After five minutes of added time, the referee blew his whistle, and signalled that Shrewsbury’s name would go into the hat for the third round draw. I felt sorry for the Morecambe fans that had travelled down, as they had travelled further than I had to see their team lose, whilst they didn’t play badly, they just lacked a cutting edge in front of goal.

Final Score: Shrewsbury Town 2-0 Morecambe (Rodman 32, Whalley 37)

Following the final whistle, we made our way out of the ground and headed back down to the BP garage, where we switched my mum’s stuff from my parent’s car to mine. My dad began his journey home to London, and my mum and I headed off to Chorley, as my mum is an Arsenal fan, and as a I grew up supporting Manchester United (I realised around the age of 13 that I much preferred Shrewsbury Town, as I saw them more often), we decided to avoid the Arsenal vs Manchester United game on the radio, as it was on BT Sport, and with my new Virgin TV package, I had been able to record the game. Instead we listened to my mum’s all-time favourite musician, Neil Diamond. It’s odd how our tastes change, as when I was a kid I hated Neil Diamond, as in my mind he produced music for old people, and once or twice as a teenager I got annoyed with Kerrang magazine, as some of my favourite musicians admitted that they like Neil Diamond, however since growing up I have realised that Neil Diamond is actually a brilliant Singer/Song Writer, and I found myself singing along to some of his music.

Hopefully Shrewsbury will draw a good name out of the hat, and I have to be honest I am hoping for an away draw to Liverpool, Manchester United or Everton, as that would help me to begin to tick off some of the Premier League grounds, although I have been to Old Trafford before, and would love a trip to Merseyside.

With an attendance of 3184, I can see proper fans having an issue getting tickets if we draw a big name at home in the Third Round of the FA Cup, I mean it has happened before when we played Chelsea in the League Cup and Manchester United in the FA Cup. Honestly, if we get a home tie, I will most likely not attempt to get a ticket, as I would rather my ticket go to someone who follows Salop home and away, like my parents, Bizzy or anyone else that travels the length and breadth of the UK following Salop. If we got an away tie, then tickets may be easier to get a hold of, as many fair-weather fans won’t want to travel, and away allocations at Premier League clubs tend to be bigger.

As a club I like Morecambe, and although he is an ex-Telford player, I like Jim Bentley, as he is doing a good job with limited resources at Morecambe. It’s clear to see the affinity between the manager and the fans, as the fans once paid for a fine that Bentley incurred. Hopefully Morecambe can avoid the drop next season, and I’m hoping to get to a Morecambe home match soon.

Attendance: 3184

Cost: £41 (£15 ticket, £3 programme, £16 hat and scarf, £2 Pepsi Max, £5 parking)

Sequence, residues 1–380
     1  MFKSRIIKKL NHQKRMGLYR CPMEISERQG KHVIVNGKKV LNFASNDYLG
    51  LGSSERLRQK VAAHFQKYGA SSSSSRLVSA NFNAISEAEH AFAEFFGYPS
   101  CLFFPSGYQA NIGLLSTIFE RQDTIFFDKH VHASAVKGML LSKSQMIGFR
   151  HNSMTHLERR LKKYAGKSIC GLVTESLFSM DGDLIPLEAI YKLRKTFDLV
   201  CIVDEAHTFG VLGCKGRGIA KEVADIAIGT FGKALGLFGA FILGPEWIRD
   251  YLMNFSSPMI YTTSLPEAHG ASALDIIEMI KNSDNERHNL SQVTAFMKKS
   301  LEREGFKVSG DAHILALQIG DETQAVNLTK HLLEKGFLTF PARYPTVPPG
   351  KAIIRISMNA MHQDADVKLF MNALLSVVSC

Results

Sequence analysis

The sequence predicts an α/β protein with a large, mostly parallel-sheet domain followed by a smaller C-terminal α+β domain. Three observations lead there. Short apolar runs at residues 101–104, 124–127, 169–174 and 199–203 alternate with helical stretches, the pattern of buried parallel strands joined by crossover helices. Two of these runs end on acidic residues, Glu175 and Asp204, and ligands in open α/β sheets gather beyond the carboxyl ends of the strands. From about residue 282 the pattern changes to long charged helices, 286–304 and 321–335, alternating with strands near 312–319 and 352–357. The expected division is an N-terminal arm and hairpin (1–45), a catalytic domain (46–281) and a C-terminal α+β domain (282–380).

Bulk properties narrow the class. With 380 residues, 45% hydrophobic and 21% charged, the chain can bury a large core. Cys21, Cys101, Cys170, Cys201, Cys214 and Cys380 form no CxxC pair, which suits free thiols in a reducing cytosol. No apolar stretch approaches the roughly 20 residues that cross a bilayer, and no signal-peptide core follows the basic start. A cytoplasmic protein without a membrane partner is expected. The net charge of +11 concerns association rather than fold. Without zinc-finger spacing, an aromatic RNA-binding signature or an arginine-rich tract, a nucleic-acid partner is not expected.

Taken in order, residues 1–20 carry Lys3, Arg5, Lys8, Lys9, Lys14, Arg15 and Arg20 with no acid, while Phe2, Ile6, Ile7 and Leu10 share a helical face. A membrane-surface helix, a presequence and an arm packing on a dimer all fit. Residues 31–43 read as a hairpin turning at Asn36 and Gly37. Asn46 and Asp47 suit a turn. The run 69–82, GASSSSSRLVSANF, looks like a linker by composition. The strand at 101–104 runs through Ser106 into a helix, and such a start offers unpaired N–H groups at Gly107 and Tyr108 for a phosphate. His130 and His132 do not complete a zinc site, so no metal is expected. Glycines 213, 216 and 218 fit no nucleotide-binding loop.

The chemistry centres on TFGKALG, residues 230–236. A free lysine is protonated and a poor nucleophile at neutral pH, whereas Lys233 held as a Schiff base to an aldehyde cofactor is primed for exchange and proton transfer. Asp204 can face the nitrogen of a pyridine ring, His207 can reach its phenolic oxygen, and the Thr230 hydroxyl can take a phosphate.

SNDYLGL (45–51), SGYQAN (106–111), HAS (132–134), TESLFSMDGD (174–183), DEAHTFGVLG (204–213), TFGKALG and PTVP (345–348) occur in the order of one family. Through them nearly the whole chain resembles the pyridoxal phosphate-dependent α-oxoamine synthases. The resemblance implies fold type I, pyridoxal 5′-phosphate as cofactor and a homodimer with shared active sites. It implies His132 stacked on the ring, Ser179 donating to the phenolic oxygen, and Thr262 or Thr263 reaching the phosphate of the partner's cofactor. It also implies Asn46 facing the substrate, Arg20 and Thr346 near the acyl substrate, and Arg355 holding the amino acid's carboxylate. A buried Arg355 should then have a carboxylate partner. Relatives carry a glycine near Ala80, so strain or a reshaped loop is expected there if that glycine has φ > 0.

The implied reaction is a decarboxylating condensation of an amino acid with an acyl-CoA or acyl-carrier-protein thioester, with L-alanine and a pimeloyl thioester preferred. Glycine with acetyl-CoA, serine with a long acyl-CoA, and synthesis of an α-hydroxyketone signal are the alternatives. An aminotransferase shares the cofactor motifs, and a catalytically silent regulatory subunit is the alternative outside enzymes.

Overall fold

Well the cost would have been £41 however my parents paid for my ticket, and in all honesty I didn’t actually need the hat and scarf as the weather didn’t drop dramatically.

Hat-tricks see so far: 1 (This needs to change)


If any clubs are reading this, and want to use any part of my blog for their website or programme, then please feel free to do so, all I ask is that you credit my work.


Widnes vs Irlam, North West Counties Football League Premier Division, Select Security Stadium, 25/11/17

It’s amazing the lengths that I will go to to put off doing something, I’ve been intending to write this blog since I attended the game initially, but near on a week later, I have only just begun to work on it. As I’ve mentioned I’ve recently been diagnosed with depression, anxiety and potential bipolar, and my procrastination levels have reached a new high recently. I’ve also not been helped by the fact that I have recently had no internet, our TalkTalk box decided to go offline for around the 100th time during the week, and finally stopped working altogether, this was a new box, it wasn’t an old wifi router, it was a new one! In fact the reason why we had this router is because it was meant to solve the issues we were having with an old router. So finally fed up of TalkTalk, we have switched to Virgin, which leads me onto the actual start of this blog.

Now that I have Virgin Broadband and TV, I now have access to BT Sport, so that I can now fill my appetite for football. I’m already planning out games that I want to watch, and have worked out how to record so that I can have a constant source of football. But there is still one thing that I will never understand, why on a Saturday at 3pm would you sit in your house or the pub and watch a game of football? Sure your home or the pub might be warm, sure you may have constant access to snacks and drinks, but it’s sterile, there’s no atmosphere, you have to listen to commentators drivelling on about the fact that the linesman has one sock higher than the other, it’s just not football. Football is about going to the game, talking to the person on the gate, buying a programme from the person that’s been doing it for years, buying a pie, getting a 50/50 draw ticket. If you’re a groundhopper, it’s about exploring the new territory, finding a good place to stand, speaking to new people or volunteers that have been there for years. If you’re a season ticket holder, it’s about finding your seat, speaking to those around you. Ultimately, Football is about being there for your team, through thick and thin, or it’s about watching as many teams as possible. Football on the TV should never take priority over going to a game, there are so many teams with ticket prices cheap enough for anyone to afford them.